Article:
We speak in code. We generalise, but we are talking about ourselves. Men means ‘our men’. People means ‘me in particular’. Our wishes for our future and the way we see our lives now are encoded in the latest book that seemed so true, or our new theory on love. That is how we talk.
“All relationships have problems that can’t be solved,” you say. “You just need to find a way of living with them.”
“I think people are always searching for grace,” I say.
We sip our peppermint tea, which makes you feel so healthy, our cranberry juice to ward off cystitis.
In the coffee bar where you spent every afternoon of your youth – or was it beside that fruit stall selling nothing but lychees? – the curtain is rent and your eyes wide with fear tell me about you and him. I have seen you speechless with love and helpless with misery. I put an awkward arm through yours. I have theories, lots of theories. But they are really about me.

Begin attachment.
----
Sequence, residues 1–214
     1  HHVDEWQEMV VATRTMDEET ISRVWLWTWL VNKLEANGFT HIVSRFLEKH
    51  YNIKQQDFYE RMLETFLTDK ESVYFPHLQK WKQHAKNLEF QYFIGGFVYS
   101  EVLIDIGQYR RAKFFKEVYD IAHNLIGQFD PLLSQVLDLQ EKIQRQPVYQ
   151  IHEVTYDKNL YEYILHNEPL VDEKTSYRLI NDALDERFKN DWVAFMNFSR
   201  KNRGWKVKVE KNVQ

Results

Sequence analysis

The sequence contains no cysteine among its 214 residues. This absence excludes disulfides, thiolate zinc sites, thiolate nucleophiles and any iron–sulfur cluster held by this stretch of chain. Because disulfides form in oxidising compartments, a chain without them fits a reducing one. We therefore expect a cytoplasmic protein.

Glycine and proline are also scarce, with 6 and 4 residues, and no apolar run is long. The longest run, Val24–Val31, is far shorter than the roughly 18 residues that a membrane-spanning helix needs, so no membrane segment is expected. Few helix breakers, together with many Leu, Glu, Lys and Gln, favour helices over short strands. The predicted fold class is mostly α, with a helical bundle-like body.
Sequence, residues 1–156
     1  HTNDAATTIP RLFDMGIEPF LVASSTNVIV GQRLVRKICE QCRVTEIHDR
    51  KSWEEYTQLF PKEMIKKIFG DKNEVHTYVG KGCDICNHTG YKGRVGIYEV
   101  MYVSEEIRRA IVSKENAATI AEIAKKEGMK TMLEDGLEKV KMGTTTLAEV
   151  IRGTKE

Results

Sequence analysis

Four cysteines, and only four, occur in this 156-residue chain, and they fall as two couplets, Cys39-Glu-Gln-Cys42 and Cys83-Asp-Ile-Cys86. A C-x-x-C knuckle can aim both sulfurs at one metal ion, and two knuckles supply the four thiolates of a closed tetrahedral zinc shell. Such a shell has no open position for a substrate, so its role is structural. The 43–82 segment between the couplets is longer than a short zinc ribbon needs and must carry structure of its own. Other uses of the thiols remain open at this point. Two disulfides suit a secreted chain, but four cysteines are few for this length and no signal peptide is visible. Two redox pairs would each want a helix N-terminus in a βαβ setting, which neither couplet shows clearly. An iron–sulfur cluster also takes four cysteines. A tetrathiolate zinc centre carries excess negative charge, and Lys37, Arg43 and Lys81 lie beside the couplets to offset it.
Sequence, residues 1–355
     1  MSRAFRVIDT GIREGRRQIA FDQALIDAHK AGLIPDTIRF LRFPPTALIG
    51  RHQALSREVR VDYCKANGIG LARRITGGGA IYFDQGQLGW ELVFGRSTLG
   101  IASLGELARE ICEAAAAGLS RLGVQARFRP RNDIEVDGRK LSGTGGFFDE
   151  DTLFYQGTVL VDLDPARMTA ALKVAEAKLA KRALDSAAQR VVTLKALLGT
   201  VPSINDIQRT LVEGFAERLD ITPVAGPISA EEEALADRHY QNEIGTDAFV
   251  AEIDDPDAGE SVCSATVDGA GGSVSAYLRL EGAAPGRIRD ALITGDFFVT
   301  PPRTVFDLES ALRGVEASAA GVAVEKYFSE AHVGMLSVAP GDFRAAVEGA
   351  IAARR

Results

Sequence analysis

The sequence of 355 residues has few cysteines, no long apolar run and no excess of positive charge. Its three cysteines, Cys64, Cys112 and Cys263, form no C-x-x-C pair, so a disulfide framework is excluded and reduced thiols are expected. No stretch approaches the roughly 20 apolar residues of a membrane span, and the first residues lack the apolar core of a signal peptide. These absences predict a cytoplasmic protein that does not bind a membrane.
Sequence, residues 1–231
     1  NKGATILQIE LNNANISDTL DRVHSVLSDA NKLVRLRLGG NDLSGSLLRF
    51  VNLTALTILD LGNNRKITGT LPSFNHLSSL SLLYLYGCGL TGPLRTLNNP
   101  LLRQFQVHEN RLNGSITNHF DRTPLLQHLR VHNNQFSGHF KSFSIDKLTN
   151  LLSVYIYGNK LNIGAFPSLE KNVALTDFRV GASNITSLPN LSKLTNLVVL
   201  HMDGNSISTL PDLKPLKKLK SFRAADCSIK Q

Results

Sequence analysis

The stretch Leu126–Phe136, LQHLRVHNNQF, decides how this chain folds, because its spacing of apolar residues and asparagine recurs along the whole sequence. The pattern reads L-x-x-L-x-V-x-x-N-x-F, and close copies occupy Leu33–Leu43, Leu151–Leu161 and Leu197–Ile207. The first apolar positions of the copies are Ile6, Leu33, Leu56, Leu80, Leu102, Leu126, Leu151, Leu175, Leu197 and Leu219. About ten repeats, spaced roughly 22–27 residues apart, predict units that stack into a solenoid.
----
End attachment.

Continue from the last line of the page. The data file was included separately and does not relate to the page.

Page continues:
I want to write your life in curves and flourishes and give it a happy ending. Instead, I buy you a chocolate croissant and we hope for the best.